The Aircraft Manufacturing Company Limited (Airco) was a British aircraft manufacturer operating from 1912 to 1920. Airco produced thousands of aircraft for the British military during the First World War, most of which were designed by their chief designer, Geoffrey de Havilland. Advertised in 1918 as the largest aircraft company in the world, Airco established the first airline in the United Kingdom, Aircraft Transport and Travel Limited, as a subsidiary. A glut of war surplus aircraft and a lack of government interest in aviation caused the company to become unprofitable, and in 1920 it was sold to Birmingham Small Arms Company, who had its operations liquidated later that year.

The Aircraft Manufacturing Company Limited
public company 
Successorde Havilland
FounderGeorge Thomas 
HeadquartersThe Hyde, Hendon,
London, England
Key people
Geoffrey de Havilland
SubsidiariesAircraft Transport and Travel

Geoffrey de Havilland

Airco was established in 1912 by George Holt Thomas at The Hyde in Hendon, north London, England. Two years later, learning that Geoffrey de Havilland, who was then at the Royal Aircraft Factory in Farnborough, might be available, Holt Thomas invited de Havilland to join Airco as chief designer. De Havilland's Airco designs were to provide around 30% of all trainers, fighters and bombers used by Britain and the United States during the First World War.[1]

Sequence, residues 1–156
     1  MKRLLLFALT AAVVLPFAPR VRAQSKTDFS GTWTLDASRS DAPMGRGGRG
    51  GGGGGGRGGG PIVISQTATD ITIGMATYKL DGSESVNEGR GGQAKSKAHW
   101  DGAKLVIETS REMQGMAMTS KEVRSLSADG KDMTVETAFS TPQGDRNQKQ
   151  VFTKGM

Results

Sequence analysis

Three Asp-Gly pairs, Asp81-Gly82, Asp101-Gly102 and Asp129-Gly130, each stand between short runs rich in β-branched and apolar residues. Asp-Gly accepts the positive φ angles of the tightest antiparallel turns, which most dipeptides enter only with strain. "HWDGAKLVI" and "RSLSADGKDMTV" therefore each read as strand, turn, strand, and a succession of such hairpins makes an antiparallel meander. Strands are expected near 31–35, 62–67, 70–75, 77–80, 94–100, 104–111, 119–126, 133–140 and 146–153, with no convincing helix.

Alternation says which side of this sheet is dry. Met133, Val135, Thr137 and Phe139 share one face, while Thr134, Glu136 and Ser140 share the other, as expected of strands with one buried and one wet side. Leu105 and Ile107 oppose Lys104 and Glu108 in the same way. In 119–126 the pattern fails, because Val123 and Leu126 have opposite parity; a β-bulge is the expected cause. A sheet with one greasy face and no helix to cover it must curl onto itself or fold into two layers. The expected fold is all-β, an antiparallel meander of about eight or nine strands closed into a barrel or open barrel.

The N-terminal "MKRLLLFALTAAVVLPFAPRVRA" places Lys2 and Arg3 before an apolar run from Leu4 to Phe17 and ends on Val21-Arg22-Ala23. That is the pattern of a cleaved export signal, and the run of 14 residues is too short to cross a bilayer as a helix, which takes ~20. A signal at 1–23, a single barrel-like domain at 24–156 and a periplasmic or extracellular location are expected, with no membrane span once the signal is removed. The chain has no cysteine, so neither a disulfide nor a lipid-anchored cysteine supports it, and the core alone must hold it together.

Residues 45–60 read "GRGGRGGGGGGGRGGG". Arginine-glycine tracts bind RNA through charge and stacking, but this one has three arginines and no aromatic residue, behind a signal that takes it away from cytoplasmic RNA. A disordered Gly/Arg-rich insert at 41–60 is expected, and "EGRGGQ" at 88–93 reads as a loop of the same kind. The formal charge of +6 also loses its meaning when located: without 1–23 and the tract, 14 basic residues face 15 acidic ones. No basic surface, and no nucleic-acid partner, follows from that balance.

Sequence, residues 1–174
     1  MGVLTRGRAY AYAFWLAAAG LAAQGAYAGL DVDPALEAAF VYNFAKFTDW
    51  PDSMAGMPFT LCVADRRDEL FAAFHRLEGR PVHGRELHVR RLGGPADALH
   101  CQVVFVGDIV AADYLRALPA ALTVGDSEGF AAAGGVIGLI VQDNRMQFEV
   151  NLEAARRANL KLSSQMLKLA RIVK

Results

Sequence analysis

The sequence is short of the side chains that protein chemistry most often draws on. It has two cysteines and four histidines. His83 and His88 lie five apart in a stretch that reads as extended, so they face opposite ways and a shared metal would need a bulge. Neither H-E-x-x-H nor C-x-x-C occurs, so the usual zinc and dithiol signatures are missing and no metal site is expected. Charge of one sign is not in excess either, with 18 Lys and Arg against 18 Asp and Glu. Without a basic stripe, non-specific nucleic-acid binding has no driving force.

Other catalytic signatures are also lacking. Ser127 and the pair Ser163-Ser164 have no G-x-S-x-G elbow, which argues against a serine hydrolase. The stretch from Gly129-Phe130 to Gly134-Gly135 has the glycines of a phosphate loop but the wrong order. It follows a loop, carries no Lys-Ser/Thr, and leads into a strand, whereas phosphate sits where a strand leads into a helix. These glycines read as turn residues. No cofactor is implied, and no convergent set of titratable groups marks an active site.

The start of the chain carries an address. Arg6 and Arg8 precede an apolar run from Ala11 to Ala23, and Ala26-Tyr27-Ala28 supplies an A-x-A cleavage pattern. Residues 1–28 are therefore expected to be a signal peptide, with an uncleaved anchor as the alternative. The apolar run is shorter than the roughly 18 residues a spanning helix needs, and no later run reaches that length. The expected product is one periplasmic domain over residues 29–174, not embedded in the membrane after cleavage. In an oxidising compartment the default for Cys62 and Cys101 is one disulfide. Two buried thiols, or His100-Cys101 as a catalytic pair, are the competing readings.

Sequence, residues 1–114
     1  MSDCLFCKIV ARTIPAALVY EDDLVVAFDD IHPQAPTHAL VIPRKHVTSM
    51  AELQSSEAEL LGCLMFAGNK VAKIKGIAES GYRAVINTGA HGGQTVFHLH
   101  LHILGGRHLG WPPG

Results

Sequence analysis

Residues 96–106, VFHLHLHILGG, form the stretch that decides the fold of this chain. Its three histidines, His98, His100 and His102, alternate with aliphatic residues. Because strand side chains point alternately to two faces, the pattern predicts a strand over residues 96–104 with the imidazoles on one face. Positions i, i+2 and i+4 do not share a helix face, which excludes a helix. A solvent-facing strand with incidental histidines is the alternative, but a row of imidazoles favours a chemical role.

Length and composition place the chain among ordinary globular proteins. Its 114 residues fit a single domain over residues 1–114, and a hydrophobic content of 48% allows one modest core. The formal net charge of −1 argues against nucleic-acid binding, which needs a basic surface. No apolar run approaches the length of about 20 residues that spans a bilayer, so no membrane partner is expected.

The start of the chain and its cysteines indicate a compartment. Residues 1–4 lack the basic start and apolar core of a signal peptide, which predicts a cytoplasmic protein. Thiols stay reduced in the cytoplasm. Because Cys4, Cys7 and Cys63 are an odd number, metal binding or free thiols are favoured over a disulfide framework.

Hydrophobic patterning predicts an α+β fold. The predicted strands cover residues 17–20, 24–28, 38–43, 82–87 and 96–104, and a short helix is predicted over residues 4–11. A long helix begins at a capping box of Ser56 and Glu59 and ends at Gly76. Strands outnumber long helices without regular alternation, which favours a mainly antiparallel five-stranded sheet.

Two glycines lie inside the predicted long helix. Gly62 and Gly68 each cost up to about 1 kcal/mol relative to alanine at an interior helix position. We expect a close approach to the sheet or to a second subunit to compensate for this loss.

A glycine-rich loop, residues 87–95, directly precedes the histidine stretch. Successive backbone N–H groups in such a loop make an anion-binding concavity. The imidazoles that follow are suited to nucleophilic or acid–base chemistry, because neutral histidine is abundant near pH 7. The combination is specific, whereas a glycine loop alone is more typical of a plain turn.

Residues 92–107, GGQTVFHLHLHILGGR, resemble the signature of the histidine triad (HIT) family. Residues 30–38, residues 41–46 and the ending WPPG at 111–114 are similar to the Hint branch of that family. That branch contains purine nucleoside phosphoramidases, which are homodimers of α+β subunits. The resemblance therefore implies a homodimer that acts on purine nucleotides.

De Havilland's designs for Airco were marked with his initials "DH".[2] Their pusher configuration fighter DH.2 of 1916 helped to end the "Fokker scourge" of 1915. Later notable aircraft designed and built by Airco during the war included the DH.6 trainer, of which more than 2,280 examples were built, and the DH.4 and DH.9 light bombers. These types, and the DH.9A, a developed version that served for many years with the postwar Royal Air Force, formed the basis of early de Havilland designed airliners, including the company's DH.16 and DH.18 types which were operated by Aircraft Transport and Travel Limited, the first airline established in the United Kingdom, also owned by George Holt Thomas.

Wartime production

Flight Magazine reported in 1920 that during the period from August 1914 to November 1918 the D. H. Airco machines built in Great Britain and the United States of America comprised approximately 30 per cent of the total output of aeroplanes of these two allies.[3] William Taylor Birchenough worked as test pilot for the company from August 1914.

By December 1918, Holt Thomas claimed in an advertisement that Airco was the largest aircraft company in the world and was building aeroplanes, engines and propellors in large numbers, as well as airships and flying boats.[2] The engines being built included licensed production of Gnome and Le Rhone rotary engines.[2] The company's works at Hendon employed between 7,000 and 8,000 people and had the latest metal-working machinery, a materials testing laboratory, and a wind tunnel.[4] Airco was completing on average a new aircraft every 45 minutes.[5]

First daily international flights

Aircraft Transport and Travel, a subsidiary of Airco,[2] started the world's first regular daily international service on 25 August 1919, between Hounslow Heath Aerodrome and Le Bourget. DH.16s were used for this service.

Sale to BSA and liquidation